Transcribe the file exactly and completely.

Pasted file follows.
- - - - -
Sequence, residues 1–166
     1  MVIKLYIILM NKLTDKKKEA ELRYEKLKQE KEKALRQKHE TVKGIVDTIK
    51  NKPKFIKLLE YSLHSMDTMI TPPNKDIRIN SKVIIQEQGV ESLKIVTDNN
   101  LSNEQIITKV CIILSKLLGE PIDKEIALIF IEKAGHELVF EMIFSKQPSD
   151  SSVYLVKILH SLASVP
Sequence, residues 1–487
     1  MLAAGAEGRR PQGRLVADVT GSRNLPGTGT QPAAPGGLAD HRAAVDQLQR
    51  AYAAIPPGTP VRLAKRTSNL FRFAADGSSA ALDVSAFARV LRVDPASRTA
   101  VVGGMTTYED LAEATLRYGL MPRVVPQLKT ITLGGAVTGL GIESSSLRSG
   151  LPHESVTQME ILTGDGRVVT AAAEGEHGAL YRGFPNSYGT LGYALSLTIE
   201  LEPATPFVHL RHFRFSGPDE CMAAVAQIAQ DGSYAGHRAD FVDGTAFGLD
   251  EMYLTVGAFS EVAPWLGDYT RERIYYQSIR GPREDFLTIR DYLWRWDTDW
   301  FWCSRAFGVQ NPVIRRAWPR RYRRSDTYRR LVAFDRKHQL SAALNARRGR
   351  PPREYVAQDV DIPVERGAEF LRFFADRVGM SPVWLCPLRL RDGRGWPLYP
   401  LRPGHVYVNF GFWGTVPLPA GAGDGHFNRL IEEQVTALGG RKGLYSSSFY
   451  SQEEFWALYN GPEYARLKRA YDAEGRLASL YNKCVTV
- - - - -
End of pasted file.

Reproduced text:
Sequence, residues 1–166
     1  MVIKLYIILM NKLTDKKKEA ELRYEKLKQE KEKALRQKHE TVKGIVDTIK
    51  NKPKFIKLLE YSLHSMDTMI TPPNKDIRIN SKVIIQEQGV ESLKIVTDNN
   101  LSNEQIITKV CIILSKLLGE PIDKEIALIF IEKAGHELVF EMIFSKQPSD
   151  SSVYLVKILH SLASVP
Sequence, residues 1–487
     1  MLAAGAEGRR PQGRLVADVT GSRNLPGTGT QPAAPGGLAD HRAAVDQLQR
    51  AYAAIPPGTP VRLAKRTSNL FRFAADGSSA ALDVSAFARV LRVDPASRTA
   101  VVGGMTTYED LAEATLRYGL MPRVVPQLKT ITLGGAVTGL GIESSSLRSG
   151  LPHESVTQME ILTGDGRVVT AAAEGEHGAL YRGFPNSYGT LGYALSLTIE
   201  LEPATPFVHL RHFRFSGPDE CMAAVAQIAQ DGSYAGHRAD FVDGTAFGLD
   251  EMYLTVGAFS EVAPWLGDYT RERIYYQSIR GPREDFLTIR DYLWRWDTDW
   301  FWCSRAFGVQ NPVIRRAWPR RYRRSDTYRR LVAFDRKHQL SAALNARRGR
   351  PPREYVAQDV DIPVERGAEF LRFFADRVGM SPVWLCPLRL RDGRGWPLYP
   401  LRPGHVYVNF GFWGTVPLPA GAGDGHFNRL IEEQVTALGG RKGLYSSSFY
   451  SQEEFWALYN GPEYARLKRA YDAEGRLASL YNKCVTV